Police are currently investigating after a young Sudanese asylum seeker was found dead in the early hours of Sunday in a hotel near Heathrow airport.
The man, understood to be 24 years old, has been in the UK for four months after spending several months sleeping under a bridge in Calais, was found dead just before 1am on Sunday at the Crown Plaza hotel near Heathrow which the Home Office uses to accommodate asylum seekers.
Fellow asylum seekers at the hotel staged a protest after his body was discovered, holding a sign which said: ‘refugee lives matter’ and ‘he is neglected to death’.
Founder of the charity Care4Calais, Claire Moseley said: “He was friends with our volunteers in both Calais and the UK. He was cheerful and jokey under the most difficult circumstances. Having survived unknown horrors in his home country and a gruelling journey to get here in search of safety we are devastated that his short life has been cut short here in the UK”.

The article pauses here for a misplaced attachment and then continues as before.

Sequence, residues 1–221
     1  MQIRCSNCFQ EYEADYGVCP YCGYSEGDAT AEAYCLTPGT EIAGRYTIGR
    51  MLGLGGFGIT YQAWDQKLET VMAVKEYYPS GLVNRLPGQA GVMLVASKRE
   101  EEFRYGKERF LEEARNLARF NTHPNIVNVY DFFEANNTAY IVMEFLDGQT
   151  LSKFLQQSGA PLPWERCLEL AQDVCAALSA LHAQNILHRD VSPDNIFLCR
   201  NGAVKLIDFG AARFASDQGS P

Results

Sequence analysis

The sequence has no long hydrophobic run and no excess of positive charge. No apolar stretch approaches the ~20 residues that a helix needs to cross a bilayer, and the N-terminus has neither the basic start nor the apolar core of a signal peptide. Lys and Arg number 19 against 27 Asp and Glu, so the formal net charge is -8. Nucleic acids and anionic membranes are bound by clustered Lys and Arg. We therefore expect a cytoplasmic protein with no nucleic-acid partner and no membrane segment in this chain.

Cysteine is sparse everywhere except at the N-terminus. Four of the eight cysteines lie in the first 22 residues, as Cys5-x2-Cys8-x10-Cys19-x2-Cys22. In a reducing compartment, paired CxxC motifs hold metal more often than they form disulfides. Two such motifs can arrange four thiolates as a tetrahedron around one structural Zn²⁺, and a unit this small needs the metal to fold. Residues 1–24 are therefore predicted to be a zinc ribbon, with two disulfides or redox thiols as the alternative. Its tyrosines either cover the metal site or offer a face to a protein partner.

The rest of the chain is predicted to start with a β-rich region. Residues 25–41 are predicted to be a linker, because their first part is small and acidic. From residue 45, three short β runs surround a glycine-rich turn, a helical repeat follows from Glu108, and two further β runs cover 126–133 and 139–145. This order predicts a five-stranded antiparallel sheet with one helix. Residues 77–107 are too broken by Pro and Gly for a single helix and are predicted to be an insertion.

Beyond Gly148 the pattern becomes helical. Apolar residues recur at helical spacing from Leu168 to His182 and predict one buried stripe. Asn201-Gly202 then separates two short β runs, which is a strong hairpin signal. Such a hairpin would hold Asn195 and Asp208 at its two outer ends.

Founder of Humans for Rights Network, Maddie Harris, said: “We stand in solidarity with this man’s family and call for an immediate and transparent investigation into his death”.
A further demonstration has been organised outside the hotel to raise concerns about the death.
A Home Office spokesperson said: “We are truly saddened to hear of the death of an individual in asylum accommodation. The health and wellbeing of asylum seekers will always be our priority. We are working closely with a range of organisations to ensure immediate support and assistance is provided to people living in the accommodation who have been affected by this tragic death and await further information from the Metropolitan police as to the findings of their ongoing investigation”.
A Metropolitan police spokesperson said: “Shortly before 1am on Sunday, 18th July police were notified by the London ambulance service about report of a person deceased at an address on Stockley Road, West Drayton. Officers and paramedics attended and a man in his 20’s was pronounced dead at the scene. The man’s death is not being treated as suspicious and steps are being taken to inform his next of kin”.
Twenty-nine asylum seekers died in Home Office accommodation last year, five times as many as those who lost their lives on perilous Channel small boat crossings over the same period.